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Student Travelers

Student Traveler FAQs

 

 

I am a female student traveling alone. Any advice?

It is not at all uncommon to see a woman travelling alone in Greece and the Embassy is not aware of any crime that could be attributed to the fact that the traveler was alone and female.  The same safety precautions you would take in any tourist destination should be practiced here in Greece, whether in a large city or on an island.  Plan ahead.  Rather than take out a map on the street, take a few minutes to map out your course before leaving your hotel.  There is something to be said for not “looking” vulnerable.  Don’t wear clothes or jewelry that would attract attention.  Do not go for drinks with someone you do not know.  If you do, buy your own drink and never leave it unattended.  Chose a hotel with a 24-hour desk clerk or concierge or that requires a key for the outside door.  Let your hotel know where you are going and when you plan to return.  Rent a local cell phone, if you can.  Stay in touch with friends and family and register with STEP.  Want more?  Check out the Crime and Safety section of our Country Specific Information.   

I am an adult male Greek dual citizen living in America and I never fulfilled my military obligation. What happens when I go back to Greece for a vacation?

 Greek males have to register with the Greek military when they turn eighteen and serve their military term about two years later.  If they go to college, they can ask for a postponement of their military services until they complete their studies.  

If you haven’t done any of the above, Greece will likely consider you eligible to serve in their military.  However, a 2004 Greek law allows you to travel and stay in Greece for a maximum of 30 days within a calendar year.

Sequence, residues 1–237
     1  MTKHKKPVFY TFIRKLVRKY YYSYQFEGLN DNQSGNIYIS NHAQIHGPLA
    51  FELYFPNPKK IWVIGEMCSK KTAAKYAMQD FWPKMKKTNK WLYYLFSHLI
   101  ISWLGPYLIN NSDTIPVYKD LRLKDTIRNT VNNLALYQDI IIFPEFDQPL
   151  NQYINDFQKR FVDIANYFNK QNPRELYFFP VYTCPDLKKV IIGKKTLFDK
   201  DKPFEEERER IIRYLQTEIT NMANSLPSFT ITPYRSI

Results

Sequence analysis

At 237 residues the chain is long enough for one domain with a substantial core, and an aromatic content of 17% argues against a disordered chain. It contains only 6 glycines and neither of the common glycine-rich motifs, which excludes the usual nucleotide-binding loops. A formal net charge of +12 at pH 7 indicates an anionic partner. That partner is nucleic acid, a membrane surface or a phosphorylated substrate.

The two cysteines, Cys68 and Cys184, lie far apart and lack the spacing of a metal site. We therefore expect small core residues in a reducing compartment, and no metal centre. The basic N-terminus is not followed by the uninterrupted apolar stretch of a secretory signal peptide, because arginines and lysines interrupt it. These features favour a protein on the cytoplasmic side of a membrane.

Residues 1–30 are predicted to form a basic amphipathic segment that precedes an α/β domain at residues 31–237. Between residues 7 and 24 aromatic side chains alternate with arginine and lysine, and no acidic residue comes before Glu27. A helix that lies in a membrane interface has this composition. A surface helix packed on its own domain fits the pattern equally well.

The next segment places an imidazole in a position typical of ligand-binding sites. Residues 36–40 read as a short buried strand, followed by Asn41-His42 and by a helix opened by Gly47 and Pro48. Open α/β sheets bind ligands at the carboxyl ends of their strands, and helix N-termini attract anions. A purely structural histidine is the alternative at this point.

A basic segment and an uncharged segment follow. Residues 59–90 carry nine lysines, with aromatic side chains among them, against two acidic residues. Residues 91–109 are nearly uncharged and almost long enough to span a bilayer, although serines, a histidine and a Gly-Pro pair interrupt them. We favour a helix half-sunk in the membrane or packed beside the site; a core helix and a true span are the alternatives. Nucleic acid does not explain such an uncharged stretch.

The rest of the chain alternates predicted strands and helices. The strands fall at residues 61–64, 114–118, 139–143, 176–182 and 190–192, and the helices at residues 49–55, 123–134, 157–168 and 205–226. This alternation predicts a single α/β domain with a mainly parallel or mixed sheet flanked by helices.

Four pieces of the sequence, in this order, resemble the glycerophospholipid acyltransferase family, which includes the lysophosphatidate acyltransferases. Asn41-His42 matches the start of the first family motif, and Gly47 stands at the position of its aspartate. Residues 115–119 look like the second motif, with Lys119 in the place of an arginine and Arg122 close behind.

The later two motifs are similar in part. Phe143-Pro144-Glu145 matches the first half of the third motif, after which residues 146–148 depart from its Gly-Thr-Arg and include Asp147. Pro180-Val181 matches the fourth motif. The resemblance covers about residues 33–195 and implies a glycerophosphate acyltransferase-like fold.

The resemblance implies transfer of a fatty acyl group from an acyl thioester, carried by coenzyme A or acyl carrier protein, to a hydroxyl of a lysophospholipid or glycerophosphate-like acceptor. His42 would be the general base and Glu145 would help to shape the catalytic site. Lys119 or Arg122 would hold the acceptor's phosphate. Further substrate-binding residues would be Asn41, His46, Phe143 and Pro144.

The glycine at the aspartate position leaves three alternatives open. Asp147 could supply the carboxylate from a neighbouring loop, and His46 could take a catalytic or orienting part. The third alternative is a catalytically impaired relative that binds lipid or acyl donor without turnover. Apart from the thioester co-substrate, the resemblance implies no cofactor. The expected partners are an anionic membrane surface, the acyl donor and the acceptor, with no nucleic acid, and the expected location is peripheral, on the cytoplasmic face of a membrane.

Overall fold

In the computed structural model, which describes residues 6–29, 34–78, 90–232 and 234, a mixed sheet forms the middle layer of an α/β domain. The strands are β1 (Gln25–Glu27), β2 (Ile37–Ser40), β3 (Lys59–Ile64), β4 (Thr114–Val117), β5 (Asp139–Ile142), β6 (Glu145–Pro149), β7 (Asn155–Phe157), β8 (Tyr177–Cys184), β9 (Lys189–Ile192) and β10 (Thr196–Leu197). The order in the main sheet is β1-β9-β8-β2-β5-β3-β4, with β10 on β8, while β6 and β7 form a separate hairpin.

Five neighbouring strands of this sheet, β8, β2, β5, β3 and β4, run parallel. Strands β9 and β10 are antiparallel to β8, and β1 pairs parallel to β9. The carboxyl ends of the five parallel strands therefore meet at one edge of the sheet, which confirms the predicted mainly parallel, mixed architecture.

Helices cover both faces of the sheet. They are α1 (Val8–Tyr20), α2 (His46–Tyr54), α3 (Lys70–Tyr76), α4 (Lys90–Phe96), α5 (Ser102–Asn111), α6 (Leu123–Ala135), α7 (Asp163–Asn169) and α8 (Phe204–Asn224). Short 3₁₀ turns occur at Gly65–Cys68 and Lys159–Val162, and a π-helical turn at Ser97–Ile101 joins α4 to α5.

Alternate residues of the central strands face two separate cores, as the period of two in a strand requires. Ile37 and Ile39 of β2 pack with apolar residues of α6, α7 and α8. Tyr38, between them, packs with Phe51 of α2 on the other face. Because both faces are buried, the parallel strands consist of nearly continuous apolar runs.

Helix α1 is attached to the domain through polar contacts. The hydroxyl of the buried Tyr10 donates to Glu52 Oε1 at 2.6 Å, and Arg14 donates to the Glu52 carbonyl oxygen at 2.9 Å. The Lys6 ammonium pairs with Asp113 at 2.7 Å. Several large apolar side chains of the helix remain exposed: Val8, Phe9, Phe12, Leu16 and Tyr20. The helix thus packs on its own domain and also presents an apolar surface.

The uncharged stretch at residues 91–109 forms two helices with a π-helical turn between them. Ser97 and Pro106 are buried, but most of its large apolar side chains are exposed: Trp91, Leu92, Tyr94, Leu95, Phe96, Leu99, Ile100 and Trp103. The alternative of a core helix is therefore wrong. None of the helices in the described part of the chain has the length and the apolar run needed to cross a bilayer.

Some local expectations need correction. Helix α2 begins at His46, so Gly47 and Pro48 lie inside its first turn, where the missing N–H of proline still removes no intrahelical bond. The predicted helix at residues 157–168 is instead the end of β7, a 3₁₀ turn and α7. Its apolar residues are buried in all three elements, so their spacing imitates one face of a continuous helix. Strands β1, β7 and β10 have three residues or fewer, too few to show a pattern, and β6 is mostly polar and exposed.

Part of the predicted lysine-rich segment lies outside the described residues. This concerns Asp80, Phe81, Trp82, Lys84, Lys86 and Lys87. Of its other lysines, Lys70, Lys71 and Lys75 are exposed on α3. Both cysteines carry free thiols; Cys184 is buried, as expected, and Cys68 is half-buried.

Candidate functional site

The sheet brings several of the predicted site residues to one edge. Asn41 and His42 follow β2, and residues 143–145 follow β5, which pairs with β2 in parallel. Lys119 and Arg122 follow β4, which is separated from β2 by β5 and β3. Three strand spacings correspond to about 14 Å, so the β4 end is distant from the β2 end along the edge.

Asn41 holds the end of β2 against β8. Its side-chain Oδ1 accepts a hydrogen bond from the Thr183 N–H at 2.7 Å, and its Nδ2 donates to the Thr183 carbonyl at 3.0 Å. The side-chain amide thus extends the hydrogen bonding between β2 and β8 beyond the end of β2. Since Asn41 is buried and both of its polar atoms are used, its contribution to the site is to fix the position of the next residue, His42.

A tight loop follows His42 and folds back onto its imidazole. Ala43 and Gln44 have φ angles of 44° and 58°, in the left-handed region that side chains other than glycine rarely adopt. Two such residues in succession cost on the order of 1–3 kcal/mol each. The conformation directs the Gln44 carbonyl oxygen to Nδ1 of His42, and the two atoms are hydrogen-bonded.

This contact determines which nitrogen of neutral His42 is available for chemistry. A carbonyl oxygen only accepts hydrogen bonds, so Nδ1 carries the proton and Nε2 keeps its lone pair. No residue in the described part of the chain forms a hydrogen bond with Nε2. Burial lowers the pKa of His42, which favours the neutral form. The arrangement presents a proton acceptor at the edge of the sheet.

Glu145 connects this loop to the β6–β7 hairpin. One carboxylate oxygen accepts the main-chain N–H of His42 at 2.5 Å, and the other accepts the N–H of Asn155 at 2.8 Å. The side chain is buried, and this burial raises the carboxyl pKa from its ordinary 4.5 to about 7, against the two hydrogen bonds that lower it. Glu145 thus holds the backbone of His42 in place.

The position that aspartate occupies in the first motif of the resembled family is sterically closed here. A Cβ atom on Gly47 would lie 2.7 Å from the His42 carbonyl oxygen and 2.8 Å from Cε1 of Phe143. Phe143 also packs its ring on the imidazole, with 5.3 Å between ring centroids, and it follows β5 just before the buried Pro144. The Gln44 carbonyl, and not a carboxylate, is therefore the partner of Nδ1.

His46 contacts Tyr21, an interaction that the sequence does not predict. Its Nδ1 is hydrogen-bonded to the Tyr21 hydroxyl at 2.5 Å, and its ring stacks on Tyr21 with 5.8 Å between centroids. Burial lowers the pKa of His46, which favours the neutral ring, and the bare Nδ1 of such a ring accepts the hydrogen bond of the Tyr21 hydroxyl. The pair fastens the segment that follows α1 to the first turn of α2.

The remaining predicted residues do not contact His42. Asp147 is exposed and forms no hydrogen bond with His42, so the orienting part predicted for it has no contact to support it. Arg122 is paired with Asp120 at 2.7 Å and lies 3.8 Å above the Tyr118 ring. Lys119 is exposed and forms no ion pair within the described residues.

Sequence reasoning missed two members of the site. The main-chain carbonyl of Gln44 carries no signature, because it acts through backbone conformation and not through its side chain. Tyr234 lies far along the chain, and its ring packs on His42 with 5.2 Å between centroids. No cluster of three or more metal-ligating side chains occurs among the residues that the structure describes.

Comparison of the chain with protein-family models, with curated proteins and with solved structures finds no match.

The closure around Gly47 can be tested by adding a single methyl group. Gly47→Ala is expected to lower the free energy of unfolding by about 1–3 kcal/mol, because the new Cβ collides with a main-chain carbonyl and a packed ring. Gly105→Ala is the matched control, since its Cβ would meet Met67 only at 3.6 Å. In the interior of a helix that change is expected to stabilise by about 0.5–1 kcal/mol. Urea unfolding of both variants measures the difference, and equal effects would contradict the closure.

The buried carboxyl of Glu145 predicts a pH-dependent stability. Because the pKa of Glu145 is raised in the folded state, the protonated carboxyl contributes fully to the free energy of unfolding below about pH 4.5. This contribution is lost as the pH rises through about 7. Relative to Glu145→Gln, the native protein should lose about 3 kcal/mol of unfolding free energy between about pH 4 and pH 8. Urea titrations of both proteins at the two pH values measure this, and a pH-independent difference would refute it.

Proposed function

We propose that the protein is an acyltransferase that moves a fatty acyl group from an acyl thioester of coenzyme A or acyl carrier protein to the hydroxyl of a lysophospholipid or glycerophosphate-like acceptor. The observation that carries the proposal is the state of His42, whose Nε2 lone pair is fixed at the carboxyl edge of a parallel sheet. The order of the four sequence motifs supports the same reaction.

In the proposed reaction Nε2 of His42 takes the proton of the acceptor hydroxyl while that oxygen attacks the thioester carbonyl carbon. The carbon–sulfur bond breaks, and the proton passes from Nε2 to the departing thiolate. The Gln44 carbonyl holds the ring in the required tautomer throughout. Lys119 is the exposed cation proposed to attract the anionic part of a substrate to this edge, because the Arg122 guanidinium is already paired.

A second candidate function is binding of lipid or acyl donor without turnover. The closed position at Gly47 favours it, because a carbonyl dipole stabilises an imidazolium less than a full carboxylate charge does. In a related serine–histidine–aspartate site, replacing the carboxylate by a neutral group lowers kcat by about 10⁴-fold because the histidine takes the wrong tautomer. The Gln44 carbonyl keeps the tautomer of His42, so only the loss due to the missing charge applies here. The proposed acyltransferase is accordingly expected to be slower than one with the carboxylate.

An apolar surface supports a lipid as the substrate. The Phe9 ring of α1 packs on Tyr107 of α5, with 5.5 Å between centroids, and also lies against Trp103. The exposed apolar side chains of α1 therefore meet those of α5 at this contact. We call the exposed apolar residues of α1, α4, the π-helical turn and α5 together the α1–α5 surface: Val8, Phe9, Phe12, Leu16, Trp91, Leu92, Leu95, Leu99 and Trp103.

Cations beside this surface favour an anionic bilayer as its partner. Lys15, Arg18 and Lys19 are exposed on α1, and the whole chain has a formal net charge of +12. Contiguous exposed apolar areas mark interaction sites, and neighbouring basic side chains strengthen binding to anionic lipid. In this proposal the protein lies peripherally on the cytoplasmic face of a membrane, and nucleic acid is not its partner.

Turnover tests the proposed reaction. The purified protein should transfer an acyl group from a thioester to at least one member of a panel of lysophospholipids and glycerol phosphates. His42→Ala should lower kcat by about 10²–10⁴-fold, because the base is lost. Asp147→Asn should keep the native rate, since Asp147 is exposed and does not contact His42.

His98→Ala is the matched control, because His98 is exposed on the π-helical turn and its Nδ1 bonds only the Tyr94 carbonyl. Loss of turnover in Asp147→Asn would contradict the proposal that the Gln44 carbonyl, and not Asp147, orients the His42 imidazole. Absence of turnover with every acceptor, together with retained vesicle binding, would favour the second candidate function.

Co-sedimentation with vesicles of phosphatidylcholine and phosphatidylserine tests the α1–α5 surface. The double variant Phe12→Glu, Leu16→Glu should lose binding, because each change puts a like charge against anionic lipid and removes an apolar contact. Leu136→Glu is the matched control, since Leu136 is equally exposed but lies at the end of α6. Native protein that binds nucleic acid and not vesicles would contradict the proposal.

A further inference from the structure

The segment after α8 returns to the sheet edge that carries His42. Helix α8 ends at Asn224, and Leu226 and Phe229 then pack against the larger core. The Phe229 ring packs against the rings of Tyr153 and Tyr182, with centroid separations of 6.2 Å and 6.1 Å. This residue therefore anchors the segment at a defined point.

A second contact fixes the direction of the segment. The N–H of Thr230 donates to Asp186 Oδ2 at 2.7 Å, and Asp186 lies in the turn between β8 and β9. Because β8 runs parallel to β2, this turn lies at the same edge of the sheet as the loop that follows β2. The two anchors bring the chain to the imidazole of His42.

For detailed information concerning your particular situation, you may contact the Greek Embassy or Consulate in the United States, or visit the military website at: http://www.stratologia.gr/ or www.mod.gr

I am coming to Greece for the summer for a few months and I want to work while I am here. How can I do this legally?

Work permits are granted to foreigners who live abroad only in those cases where there are not enough local residents to cover vacancies. Every year the Greek Manpower Office (OAED) notifies Greek diplomatic missions and employment agencies abroad about current manpower needs and vacancies that may be filled by foreigners.  For information about applying for a work permit, please visit our Embassy webpage: http://athens.usembassy.gov/residency_08.html  

What happens if the police catch me with drugs while I’m on vacation?  

Penalties for possessing, using, or trafficking in illegal drugs in Greece are severe, and convicted offenders can expect long jail sentences and heavy fines. While you are traveling in Greece, you are a subject to its laws, even if you are a U.S. citizen.  Just Say NO! 

 

I hear that the islands have lots of ATVs and mopeds and I am super excited about driving one!

First, make sure you have an International Drivers Permit (IDP). Second, follow all traffic rules and WEAR A HELMET! The law in Greece requires you to. You may see Greeks “wearing” theirs on the arm, but do not be tempted to follow their example.  Most study abroad programs here in Greece do not allow their students to rent ATVs or motor bikes.